Glass Tiles: USB Charger Current Waveforms

Looking at what comes out of various USB chargers, with the Tek current probe monitoring the juice:

USB Current-Probe Extender - in action
USB Current-Probe Extender – in action

First, a known-good bench supply set to 5.0 V:

Tiles 2x2 - bench supply - 50 mA-div
Tiles 2×2 – bench supply – 50 mA-div

The yellow trace is the Glass Tile Heartbeat output, which goes high during the active part of the loop. The purple trace shows the serial data going to the SK6812 RGBW LEDs. The green trace is the USB current at 50 mA/div, with the Glass Tile LED array + Arduino drawing somewhere between 50 and 100 mA; most of that goes to the LEDs.

The current steps downward by about 10 mA just after the data stream ends, because that’s where the LEDs latch their new PWM values. The code is changing a single LED from one color to another, so the current will increase or decrease by the difference of the two currents.

A charger from my Google Pixel 3a phone (actually made by Flextronics and, uniquely, UL listed), with Google’s ever-so-trendy and completely unreadable medium gray lettering on a light gray plastic body:

Google Pixel charger - dataplate
Google Pixel charger – dataplate

The current waveform looks only slightly choppy:

Tiles 2x2 - Google Flextronics charger - 50 mA-div
Tiles 2×2 – Google Flextronics charger – 50 mA-div

An AmazonBasics six-port USB charger from tested by Intertek:

AmazonBasics charger - dataplate
AmazonBasics charger – dataplate

The waveform:

Tiles 2x2 - Amazon Basics Intertek Basics charger - 50 mA-div
Tiles 2×2 – Amazon Basics Intertek Basics charger – 50 mA-div

A blackweb (their lack of capitalization) charger, also made tested by Intertek:

blackweb charger - dataplate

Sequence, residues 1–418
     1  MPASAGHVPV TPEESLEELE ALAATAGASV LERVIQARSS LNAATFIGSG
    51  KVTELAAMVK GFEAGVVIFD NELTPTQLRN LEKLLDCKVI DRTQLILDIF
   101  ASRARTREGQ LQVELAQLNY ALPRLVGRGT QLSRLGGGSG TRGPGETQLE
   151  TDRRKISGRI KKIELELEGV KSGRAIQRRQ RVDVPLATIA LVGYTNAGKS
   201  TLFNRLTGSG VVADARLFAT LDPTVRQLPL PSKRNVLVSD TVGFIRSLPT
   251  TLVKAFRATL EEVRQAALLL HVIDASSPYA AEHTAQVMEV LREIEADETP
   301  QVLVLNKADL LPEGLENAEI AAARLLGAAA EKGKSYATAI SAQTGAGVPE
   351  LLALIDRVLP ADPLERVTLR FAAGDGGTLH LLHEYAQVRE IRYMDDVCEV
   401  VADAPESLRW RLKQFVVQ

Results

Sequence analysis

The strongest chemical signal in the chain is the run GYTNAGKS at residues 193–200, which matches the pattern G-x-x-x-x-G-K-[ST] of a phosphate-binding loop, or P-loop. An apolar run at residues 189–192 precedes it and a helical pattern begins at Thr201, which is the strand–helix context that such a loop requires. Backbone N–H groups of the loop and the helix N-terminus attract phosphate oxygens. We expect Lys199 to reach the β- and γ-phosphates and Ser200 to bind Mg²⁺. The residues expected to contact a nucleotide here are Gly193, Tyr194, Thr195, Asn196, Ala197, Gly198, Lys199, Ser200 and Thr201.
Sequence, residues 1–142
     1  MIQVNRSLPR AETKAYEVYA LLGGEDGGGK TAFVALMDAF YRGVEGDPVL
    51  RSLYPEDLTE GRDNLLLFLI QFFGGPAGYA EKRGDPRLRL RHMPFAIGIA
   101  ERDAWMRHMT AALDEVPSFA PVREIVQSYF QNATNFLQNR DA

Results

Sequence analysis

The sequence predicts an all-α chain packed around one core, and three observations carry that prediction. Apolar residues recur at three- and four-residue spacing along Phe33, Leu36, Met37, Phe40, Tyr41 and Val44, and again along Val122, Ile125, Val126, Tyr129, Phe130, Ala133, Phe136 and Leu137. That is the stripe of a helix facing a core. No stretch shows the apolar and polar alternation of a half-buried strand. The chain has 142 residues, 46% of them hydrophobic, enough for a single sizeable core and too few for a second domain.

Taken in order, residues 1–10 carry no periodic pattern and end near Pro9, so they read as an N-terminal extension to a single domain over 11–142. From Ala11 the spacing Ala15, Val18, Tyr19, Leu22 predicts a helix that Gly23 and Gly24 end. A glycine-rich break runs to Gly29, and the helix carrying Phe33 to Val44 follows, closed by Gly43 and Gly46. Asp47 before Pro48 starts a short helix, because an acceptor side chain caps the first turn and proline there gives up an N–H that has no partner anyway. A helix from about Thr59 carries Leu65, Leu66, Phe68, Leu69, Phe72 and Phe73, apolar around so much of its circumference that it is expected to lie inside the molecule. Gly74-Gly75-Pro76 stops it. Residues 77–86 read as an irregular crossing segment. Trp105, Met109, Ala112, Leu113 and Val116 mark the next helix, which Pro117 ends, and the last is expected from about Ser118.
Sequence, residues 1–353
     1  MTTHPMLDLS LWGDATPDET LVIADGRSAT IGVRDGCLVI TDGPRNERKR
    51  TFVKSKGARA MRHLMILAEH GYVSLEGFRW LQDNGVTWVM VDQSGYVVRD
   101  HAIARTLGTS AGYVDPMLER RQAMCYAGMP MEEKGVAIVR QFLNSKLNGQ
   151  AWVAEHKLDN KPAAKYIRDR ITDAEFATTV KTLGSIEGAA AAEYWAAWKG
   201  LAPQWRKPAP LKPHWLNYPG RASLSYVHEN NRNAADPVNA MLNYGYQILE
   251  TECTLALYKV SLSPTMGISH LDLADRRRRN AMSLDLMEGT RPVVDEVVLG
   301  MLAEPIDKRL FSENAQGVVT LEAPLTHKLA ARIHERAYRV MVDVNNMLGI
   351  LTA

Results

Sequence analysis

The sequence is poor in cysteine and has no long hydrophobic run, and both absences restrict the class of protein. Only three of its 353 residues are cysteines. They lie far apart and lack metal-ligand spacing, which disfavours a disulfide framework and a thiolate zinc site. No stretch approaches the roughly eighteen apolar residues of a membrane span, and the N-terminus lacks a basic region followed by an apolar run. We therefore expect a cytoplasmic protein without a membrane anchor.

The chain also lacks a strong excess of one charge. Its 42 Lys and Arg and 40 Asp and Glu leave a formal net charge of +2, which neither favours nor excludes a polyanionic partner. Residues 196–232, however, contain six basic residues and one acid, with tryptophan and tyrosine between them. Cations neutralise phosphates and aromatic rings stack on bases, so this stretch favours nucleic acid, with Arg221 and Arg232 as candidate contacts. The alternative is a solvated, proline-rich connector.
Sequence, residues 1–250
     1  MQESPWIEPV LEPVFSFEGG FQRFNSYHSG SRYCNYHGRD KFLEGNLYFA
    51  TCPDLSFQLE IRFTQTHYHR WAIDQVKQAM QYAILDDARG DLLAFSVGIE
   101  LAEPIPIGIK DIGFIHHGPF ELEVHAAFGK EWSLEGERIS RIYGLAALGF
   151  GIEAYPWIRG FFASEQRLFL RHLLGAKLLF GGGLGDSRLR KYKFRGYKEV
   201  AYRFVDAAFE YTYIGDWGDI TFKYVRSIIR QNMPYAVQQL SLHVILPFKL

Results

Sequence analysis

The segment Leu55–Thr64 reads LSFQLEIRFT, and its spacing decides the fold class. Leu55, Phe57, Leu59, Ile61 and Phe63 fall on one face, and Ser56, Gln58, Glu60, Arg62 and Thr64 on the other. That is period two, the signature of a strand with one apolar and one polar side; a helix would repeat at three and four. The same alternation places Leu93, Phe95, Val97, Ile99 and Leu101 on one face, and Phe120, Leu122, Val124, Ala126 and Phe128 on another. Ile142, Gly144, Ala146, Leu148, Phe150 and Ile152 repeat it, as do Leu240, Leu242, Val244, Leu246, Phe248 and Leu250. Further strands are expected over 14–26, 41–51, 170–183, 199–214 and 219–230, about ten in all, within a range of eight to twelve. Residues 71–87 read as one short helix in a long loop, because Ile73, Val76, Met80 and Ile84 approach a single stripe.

blackweb charger – dataplate

The current:

Tiles 2x2 - blackweb charger - 50 mA-div
Tiles 2×2 – blackweb charger – 50 mA-div

Finally, one from a lot of dirt-cheap chargers from eBay:

Anonymous white charger - dataplate
Anonymous white charger – dataplate

Which has the most interesting current waveform of all:

Tiles 2x2 - anon white charger - 50 mA-div
Tiles 2×2 – anon white charger – 50 mA-div

A closer look:

Tiles 2x2 - anon white charger - pulse detail - 50 mA-div
Tiles 2×2 – anon white charger – pulse detail – 50 mA-div

From the 75 mA baseline, the charger is ramming 175 mA pulses at 24 kHz into the filter cap on the Arduino Nano PCB! The green trace has a few seconds of (digital) persistence, so you’re seeing a lot of frequency jitter; the pulses most likely come from a voltage comparator controlling the charger’s PWM cycle.

It’s about what one should expect for $1.28 apiece, right?

They’re down to $1.19 today: who knows what the waveform might be?

Update: Having gotten a clue from a comment posted instantly after I fat-fingered the schedule for this post, I now know Intertek is a testing agency, not a manufacturer.

5 thoughts on “Glass Tiles: USB Charger Current Waveforms

      1. Of course, there is no guarantee that the Intertek mark is genuine. A lot of Chinese junk manufacturers will slap a mark on anything, whether it has been tested or not.

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